In his meditative exploration of the Morris Reservoir is Aszura, California, created during a residency at the MAK Center for Arts and Architecture in L.A., Austrian artist Johann Lurf uses a nearly imperceptible moving camera to play with our visual perceptions and reveal the architecture of space. The site itself was once used for testing torpedoes, and Lurf’s film serves to present both the current state of the dam at night, as well as explore the scars left on the site from its military history. Initially static shots of the manmade structure and the ragged topography of the surrounding landscape transform as the camera’s subtle movements reveal the dimension of the space, forcing the eye to acknowledge the depth of the monumental structures and land masses. The subtle, inquisitive dynamism of Reconnaissance makes for a fitting conclusion to a programme which consistently challenges the concept of fixed perceptions and an immutable world.
Andrea Whyte in Cinema Scope Online, TIFF 2012

A portrait of the imposing gravity dam of the Morris Reservoir near Azusa, California. Lurf captures the details of the infrastructure marvel with a quiet, persistent camera, subtly framing the facility in ways that render it as somewhere between a scale replica and reality. Ominous perceptual shifts resonate with the reservoir’s history as a bulwark against the 1938 Los Angeles Flood and a testing site for numerous torpedoes and ballistic missiles through most of the Cold War.
Ann Arbour Film Festival, March 2013

In his first film produced outside of his native Austria, Johann Lurf uses static shots to document a closed Californian Army base that once served as a military testing range. The uneasy silence of the footage taken using a long-distance lens and the distance maintained in to the compounds filmed highly augment the impression of latent secrets.
New Horizons International Film Festival, July 2013

The latest work by Johann Lurf, Reconnaissance (2012), documents the Morris Reservoir in California, which functioned for decades as a military torpedo testing site. As Lurf was not allowed to get close to the area he was forced to keep hundreds of metres away from his object of desire. And images start to swirl, proportions get thrown into turmoil, colours grow unreal. No sound.
Claudia Siefen in desistfilmblog, November 2012

Silent observation of colossal concrete structures around an abandoned reservoir. The extremely long lens creates a new perception.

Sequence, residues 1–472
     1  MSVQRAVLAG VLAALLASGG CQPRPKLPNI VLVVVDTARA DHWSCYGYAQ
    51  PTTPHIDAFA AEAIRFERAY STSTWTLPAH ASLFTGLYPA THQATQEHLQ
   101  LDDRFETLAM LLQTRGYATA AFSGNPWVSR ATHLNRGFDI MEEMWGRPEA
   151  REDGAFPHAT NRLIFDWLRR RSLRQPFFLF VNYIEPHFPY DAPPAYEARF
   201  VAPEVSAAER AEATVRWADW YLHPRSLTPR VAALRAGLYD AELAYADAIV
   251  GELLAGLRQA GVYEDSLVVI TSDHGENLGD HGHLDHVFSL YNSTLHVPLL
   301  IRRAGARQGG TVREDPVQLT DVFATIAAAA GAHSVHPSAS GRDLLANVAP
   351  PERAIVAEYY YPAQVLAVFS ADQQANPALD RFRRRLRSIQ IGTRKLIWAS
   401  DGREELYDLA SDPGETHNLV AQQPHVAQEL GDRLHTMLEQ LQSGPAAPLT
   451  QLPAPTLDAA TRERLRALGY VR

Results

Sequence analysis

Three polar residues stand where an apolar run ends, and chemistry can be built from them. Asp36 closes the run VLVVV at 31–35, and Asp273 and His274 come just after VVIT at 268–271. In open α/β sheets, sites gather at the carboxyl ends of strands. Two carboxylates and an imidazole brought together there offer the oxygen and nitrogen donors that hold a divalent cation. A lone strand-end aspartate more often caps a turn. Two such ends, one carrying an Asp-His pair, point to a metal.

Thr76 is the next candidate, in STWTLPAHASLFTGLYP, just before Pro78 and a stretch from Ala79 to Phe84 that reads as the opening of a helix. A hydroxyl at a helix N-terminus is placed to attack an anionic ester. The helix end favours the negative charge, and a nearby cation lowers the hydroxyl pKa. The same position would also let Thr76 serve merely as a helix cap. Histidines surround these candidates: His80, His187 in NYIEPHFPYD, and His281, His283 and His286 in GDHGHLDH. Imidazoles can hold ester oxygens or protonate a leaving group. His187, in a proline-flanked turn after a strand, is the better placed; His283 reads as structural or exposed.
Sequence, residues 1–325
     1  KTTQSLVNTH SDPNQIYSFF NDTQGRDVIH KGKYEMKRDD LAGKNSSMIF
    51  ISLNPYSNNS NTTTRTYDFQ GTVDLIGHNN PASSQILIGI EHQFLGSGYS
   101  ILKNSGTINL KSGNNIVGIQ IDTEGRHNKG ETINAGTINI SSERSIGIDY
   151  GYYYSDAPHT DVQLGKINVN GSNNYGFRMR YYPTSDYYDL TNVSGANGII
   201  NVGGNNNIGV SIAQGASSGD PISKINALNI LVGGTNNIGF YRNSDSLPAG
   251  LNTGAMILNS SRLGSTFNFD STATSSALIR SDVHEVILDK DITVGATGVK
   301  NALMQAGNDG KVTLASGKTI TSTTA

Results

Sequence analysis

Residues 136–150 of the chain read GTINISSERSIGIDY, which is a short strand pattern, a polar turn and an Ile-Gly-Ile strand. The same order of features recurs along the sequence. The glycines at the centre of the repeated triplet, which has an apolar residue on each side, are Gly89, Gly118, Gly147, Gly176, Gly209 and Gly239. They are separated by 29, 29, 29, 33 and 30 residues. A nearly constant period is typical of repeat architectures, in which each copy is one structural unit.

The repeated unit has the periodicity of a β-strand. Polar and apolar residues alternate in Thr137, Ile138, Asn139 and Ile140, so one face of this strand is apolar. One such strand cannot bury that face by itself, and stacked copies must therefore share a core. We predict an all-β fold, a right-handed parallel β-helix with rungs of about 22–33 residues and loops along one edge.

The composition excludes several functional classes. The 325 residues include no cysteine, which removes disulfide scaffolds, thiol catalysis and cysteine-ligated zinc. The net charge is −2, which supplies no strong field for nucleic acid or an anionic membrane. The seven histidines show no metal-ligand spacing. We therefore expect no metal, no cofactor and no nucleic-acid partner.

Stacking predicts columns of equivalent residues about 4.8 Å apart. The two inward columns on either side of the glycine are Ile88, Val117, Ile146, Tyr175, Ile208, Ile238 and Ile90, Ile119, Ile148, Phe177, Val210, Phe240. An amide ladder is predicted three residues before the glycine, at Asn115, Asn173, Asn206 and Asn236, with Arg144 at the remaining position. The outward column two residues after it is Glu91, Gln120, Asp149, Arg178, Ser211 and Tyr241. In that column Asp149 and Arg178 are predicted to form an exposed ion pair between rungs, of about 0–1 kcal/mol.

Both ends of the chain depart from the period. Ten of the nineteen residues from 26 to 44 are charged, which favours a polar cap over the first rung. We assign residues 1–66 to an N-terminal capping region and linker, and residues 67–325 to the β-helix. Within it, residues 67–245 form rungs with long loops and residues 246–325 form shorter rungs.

Rotterdam International Film Festival, January 2013

Filmmaker Johann Lurf uses light and shadow to document the infrastructural oddities of a decommissioned military torpedo-testing site in California.
Melbourne International Film Festival, July 2013

In the first experimental film made abroad by Viennese Johann Lurf - a director we have been following for a while - games of perception remain at the centre of his work. In this experimental silent film, the director plays with ‘recognition’. Viewers follow the action through the immediacy of the handheld camera lens and lose themselves in contemplation of what it captures: light, walls and abandoned spaces in the dark. Slowly, a dam emerges - it is the Morris Reservoir, California, a space that has been used for years, most notably in the Cold War, for military testing. Lurf wasn’t authorised entry to the dam and instead he observes it from afar. The result is an alienating contemplation of the structure, where games of perspective contrast with reality.
Alessandro Beretta, Milano International Film Festival, September 2013

Morris Reservoir, California. The former torpedo-testing site is the silent protagonist of Johann Lurf's RECONNAISSANCE – a sophisticated exploration of the architectural curiosities of a location and which under the shifting patterns of light and shadow seems to develop a life of its own.
30. Kasseler Dokfest, November 2013

Ein verlassener Torpedotest-Stützpunkt an einem Staudamm bei Azusa, Kalifornien. Morris Reservoir heißt der Schauplatz des neuen Films von Lurf, sein Schau-Wert ergibt sich aus den subtil gerundeten oder leise flirrenden Bewegungen, aus den Verfremdungseffekten der Bilder, die zugleich unsere visuelle Wahrnehmung auf die Probe stellen und ein ganzes Reservoir an möglichen Assoziationen bergen. «A true mindbender», nannte der US-amerikanische Kritiker Michael Sicinski diese raffinierte Studie.
Viennale Oktober 2012

In seinem ersten außerhalb von Österreich gedrehten Film inspiziert Lurf das Morris Reservoir, ein ehemaliges militärisches Testgelände für Torpedos in Kalifornien. Wirkt bereits der Wechsel aus Nah- und Großaufnahmen irritierend, so evozieren die subtilen Lichtwechsel und gleitende Bewegungen von Bauteilen und Landschaftsstrichen bei fixen Einstellungen Gefühle der Beklemmung und Unwirklichkeit. Erblickt man reales Gelände oder ein Modell? „Reconnaissance“ ist ein militärischer Ausdruck für die visuelle Auskundschaftung feindlichen Gebietes, der Titel auch eine Ironie auf die Position des Filmemachers, der wegen fehlender Zutrittsgenehmigung aus der Ferne filmte.
Verena Teissl für die Viennale im Oktober 2013

Morris Reservoir, Kalifornien. Ein ehemaliges Torpedo-Testgelände ist stummer Protagonist von Johann Lurfs RECONNAISSANCE – eine technisch ausgefeilte Erkundung eines Ortes, dessen architektonische Merkwürdigkeiten im Spiel von Licht und Schatten ein irritierendes Eigenleben entwickeln.
30. Kasseler Dokfest, November 2013

El último trabajo por Johann Lurf, Reconnaissance (2012), documenta el reservorio Morris de California, que funcionó por décadas como un sitio de testeo de torpedos. Ya que Lurf no pudo acercarse a las instalaciones, fue forzado a mantenerse a cientos de metros fuera de su objeto de deseo. Y las imágenes empiezan a girar, las proporciones entran en caos, los colores crecen irreales. Sin sonido.
Claudia Siefen in desistfilmblog, November 2012

Udtrykket ’reconnaissance’ henviser til en inspektion eller en udforskning – det, der indenfor militær-sprog kategoriseres som en efterretning. Sådanne konnotationer opstår også uundgåeligt med Johann Lurfs Reconnaissance. Filmen visualiserer en intens undersøgelse af et område. I sagte billeder skaber instruktøren en afbildning af Morris Reservoir nær den californiske by Azusa – et stort reservoir, som længe har fungeret som testområde for torpedoer, eller rettere undersøisk krigsførelse. Reconnaissance går til det detaljerede terræn i en subtil leg mellem lys og bevægelse. Filmen blev til, mens Johann Lurf besøgte James Benning, som gæstede vores festival sidste år.
Copenhagen Architecture Festival x Film, March 2015